Larrimer believes that the multiple space mission failures NASA suffered in 1999—the WIRE astronomy satellite, Mars Climate Orbiter, and Mars Polar Lander—played a key role in NASA’s decision to end the X-34 before its first flight. The experimental vehicle lacked redundancy in many systems, and while NASA had anticipated the risk of failure earlier and authorized development of an additional X-34, those mission failures led to decisions first to develop more redundant systems, and then cancel the program outright. But Larrimer also questions whether NASA was ever really committed to the program after the original X-34 effort collapsed, or perhaps lost interest once the X-33 ran into serious problems.
He laments the fact that the X-34 never flew, a view shared by Rutan, who in 2001 offered to fly them himself. “There was nothing gained and much lost by the failure to carry through with flight-testing of the robotically piloted X-34 Technology Demonstrator vehicles that were already built and ready for flight testing,” Larrimer argues near the end of the book.
Promise Denied is a thorough review of the program that relies heavily on documents from the program along with some interviews and media accounts. That sourcing can be a little sloppy though: in one case he confuses publications (SpaceDaily and Spaceflight Now), and on a couple occasions attributes to SpaceRef newsletters called “Space Access Updates” that were, in fact, authored by the Space Access Society, an advocacy group (and thus missing an opportunity to probe the role such groups played in supporting, or sometimes opposing, RLV programs of that era.)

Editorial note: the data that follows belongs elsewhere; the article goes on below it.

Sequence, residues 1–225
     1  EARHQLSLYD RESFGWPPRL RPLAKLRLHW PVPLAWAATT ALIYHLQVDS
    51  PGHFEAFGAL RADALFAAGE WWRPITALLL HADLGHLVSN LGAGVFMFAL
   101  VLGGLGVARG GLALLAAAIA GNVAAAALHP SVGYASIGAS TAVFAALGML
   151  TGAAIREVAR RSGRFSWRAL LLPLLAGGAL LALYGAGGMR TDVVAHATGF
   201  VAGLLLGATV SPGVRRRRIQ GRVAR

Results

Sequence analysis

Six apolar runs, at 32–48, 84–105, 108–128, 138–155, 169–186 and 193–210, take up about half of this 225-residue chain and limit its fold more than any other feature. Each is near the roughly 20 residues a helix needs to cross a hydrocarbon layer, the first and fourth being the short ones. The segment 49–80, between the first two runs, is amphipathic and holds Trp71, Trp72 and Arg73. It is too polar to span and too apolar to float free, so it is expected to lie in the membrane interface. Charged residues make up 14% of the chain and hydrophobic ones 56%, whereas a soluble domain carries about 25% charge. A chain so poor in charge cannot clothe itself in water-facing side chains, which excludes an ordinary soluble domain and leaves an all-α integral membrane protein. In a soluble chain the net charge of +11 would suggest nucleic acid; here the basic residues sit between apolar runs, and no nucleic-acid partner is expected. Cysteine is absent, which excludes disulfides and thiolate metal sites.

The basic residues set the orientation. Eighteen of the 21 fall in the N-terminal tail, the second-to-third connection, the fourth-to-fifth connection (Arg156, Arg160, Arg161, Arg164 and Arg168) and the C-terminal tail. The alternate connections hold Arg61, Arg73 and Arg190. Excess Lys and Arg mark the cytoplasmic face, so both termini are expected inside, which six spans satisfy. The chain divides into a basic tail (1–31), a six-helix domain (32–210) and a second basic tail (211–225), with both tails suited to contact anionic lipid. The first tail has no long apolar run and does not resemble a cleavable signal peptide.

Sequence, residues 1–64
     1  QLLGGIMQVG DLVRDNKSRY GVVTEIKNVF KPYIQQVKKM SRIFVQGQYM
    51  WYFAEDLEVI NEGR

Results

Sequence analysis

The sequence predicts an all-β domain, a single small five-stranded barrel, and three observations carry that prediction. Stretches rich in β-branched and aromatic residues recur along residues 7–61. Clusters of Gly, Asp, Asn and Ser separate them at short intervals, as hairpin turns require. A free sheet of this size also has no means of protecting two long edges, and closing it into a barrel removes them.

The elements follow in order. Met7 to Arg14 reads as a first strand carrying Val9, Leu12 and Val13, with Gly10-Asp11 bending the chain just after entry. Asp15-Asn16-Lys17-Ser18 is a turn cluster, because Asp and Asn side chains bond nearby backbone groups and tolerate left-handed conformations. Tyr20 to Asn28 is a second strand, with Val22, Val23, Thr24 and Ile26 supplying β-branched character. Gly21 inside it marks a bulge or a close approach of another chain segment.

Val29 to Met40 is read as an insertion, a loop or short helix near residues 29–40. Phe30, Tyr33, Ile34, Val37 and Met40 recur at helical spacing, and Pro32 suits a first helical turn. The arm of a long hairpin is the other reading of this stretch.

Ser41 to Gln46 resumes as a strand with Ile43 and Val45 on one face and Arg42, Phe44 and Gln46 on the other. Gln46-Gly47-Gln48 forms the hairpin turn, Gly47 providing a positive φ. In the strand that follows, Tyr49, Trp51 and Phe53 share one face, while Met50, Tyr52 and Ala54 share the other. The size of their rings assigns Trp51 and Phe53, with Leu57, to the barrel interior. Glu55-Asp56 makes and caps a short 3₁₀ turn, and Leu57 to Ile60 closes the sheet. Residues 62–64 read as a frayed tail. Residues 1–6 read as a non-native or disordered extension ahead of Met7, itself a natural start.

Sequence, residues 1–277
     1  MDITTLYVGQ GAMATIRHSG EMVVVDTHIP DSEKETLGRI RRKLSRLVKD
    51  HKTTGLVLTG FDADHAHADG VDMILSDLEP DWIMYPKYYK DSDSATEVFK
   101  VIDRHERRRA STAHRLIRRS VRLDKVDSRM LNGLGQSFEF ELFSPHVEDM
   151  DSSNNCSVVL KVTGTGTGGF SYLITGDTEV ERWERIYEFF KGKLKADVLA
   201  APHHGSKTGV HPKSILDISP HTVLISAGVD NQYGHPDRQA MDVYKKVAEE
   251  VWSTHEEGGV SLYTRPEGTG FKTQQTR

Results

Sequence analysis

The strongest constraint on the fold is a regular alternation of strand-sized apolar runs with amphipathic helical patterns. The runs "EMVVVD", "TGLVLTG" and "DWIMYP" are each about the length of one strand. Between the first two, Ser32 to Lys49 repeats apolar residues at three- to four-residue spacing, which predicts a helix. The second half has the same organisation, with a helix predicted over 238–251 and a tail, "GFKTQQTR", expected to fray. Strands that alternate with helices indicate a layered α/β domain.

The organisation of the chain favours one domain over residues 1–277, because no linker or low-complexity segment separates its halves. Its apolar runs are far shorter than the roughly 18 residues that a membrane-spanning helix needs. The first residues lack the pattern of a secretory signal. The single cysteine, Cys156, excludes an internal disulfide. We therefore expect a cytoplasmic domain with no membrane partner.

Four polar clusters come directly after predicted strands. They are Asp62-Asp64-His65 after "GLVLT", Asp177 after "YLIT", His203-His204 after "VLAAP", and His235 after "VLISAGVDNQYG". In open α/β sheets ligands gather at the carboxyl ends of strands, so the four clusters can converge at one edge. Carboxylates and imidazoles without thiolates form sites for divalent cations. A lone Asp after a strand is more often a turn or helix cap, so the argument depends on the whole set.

“Failure to carry through with the X-34 program truly represented a promise denied,” Larrimer writes at the end of the book (emphasis in original.) Yet we have seen reusability start to make a comeback, as SpaceX routinely reflies Falcon 9 first stages and begins testing the fully reusable Starship vehicle, while Blue Origin works on its New Glenn vehicle with a reusable first stage and other companies, from Rocket Lab to ULA, investigate reusing parts of their vehicles. It’s not the future envisioned 25 years ago, perhaps, but it now seems less of a promise denied than a promise deferred.